Summary:In the first part of this poem ("Sugar"), Dickey gives a wonderful series of images of diabetic symptoms: "I thirsted like a prince," "my belly going round with self- / made night-water," "having a tongue / of flame . . . . " The doctor preaches insulin and moderation. The poet tries to comply. He seems to accept this new life, "A livable death at last."In the poem's second part ("Under Buzzards"), the poet and his "companion" climb to a point on Hogback Ridge where they see buzzards circling. Seeing the birds of death, he reflects on his life and illness. Is all this medicine and moderation worthwhile? What will they accomplish? Regarding the body, the poet writes, "For its medical books is not / Everything: everything is how / Much glory is in it . . . . " In the end he takes "a long drink of beer."
Summary:The subtitle is accurate enough: “A Memoir of a Family and Culture in Crisis,” although the author J.D. Vance is, in fact, the focal point of view throughout, from his childhood to his success as an adult. Few young people made it out of the hills to enjoy stable and successful lives, but J.D. was one of them, earning a degree at Ohio State University, then a law degree at Yale. While recounting his life, he also describes his relatives and neighbors, and he interprets the many dilemmas of his hillbilly culture.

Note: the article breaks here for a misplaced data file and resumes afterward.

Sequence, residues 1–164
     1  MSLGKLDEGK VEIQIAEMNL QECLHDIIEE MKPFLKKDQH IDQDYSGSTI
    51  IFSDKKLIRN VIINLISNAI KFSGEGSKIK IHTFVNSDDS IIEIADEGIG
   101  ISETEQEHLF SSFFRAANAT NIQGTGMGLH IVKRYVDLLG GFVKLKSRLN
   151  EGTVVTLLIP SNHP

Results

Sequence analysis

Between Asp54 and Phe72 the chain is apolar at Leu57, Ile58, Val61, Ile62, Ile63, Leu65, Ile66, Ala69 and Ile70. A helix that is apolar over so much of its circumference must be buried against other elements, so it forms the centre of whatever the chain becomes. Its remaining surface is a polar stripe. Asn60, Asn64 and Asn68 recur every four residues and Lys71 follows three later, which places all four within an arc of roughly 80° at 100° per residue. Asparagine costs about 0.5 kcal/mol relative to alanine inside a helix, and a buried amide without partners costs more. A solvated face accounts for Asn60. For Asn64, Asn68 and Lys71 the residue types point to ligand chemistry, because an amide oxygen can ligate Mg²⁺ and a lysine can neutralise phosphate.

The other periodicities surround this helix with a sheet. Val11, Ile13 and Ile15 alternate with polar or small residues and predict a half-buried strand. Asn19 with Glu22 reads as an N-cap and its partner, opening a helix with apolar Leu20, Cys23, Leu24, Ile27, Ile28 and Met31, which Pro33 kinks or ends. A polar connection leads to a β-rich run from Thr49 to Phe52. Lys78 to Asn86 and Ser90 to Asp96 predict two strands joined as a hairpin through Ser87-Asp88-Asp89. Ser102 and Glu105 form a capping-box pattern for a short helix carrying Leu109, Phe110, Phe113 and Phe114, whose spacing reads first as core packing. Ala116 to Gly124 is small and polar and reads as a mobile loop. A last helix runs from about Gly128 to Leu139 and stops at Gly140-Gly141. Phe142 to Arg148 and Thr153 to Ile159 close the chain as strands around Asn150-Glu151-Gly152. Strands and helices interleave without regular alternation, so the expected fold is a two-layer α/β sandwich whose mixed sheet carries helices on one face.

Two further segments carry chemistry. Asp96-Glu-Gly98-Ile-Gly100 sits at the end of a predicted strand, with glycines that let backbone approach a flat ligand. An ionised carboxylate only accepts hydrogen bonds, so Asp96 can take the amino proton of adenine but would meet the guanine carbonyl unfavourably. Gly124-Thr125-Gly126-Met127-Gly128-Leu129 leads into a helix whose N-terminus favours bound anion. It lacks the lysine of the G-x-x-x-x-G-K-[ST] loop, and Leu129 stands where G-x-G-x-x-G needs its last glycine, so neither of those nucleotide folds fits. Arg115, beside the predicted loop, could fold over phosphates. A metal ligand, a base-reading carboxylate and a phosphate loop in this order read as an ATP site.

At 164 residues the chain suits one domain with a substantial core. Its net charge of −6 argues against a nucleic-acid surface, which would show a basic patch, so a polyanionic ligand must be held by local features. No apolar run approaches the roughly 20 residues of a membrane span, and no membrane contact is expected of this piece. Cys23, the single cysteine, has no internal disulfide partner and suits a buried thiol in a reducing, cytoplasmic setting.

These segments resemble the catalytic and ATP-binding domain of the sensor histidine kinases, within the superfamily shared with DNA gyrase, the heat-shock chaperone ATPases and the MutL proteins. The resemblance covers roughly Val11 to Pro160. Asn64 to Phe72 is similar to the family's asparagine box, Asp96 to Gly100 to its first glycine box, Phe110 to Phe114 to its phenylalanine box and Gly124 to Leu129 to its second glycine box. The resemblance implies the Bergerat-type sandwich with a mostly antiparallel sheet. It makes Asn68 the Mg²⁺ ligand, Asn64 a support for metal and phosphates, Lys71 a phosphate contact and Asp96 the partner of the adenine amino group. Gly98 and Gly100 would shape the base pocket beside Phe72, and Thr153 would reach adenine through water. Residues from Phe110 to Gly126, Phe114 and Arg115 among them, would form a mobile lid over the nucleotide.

Summary:The collection is prefaced and named for a poem by Walt Whitman, The Wound Dresser, annotated in this database by Jack Coulehan. In “On Reading Walt Whitman’s ‘The Wound Dresser’” Coulehan sees Whitman as a nurse tending the Civil War wounded, and, while using some of the words and language of Whitman’s poem, imagines himself moving forward in that created space of caring for patients: “You remain / tinkering at your soldier’s side, as I step / to the next cot and the cot after that.” (p. ix) The poem introduces us to all the ‘cots’ of the book – where we step from patient to patient, through history and geography, and through the journey of medical training. The book is comprised of 4 sections without overt explanation, although there are 4 pages of Notes at the end of the book with information about select individual poems. In general, the themes of the sections can be described as: 1.) clinical care of individual patients and medical training; 2.) reflections on historical medical cases, reported anecdotes or past literary references; 3.) meditations on geographically distinct episodes – either places of travel or news items; and 4.) family memoir, personal history and the passage of time. Many of the poems have been previously published and a few are revised from an earlier chapbook. Notable among the latter is “McGonigle’s Foot” (pp 42-3) from section 2, wherein an event in Philadelphia, 1862 – well after the successful public demonstration of anesthesia was reported and the practice widely disseminated, a drunk Irishman was deemed unworthy of receiving an anesthetic. Although it is easy to look back and critique past prejudices, Coulehan’s poem teaches us to examine current prejudices, bias and discrimination in the provision of healthcare choices, pain relief and access to care. There are many gems in these 72 poems. Coulehan has an acute sensibility about the variety of human conditions he has the privilege to encounter in medical training and clinical practice. However, one of the standouts for me was “Cesium 137” based on a news report of children finding an abandoned radiotherapy source (cesium) in Goiania Brazil, playing with the glowing find and suffering acute radiation poisoning. He writes: “the cairn of their small lives / burst open…their bodies vacillate and weaken / hour by hour, consumed by innocence / and radiant desire.” (p. 68). Following another poem inspired by Whitman, Coulehan concludes the collection with a sonnet “Retrospective.” He chronicles a 40-year career along with physical aging, memories of medical training “etched in myelin,” and the search for connection across that span of career including, “those he hurt, the woman / he killed with morphine, more than a few he saved.” Ultimately, he relies on hope with fitting understatement: “His ally, hope, will have to do.” (p. 97)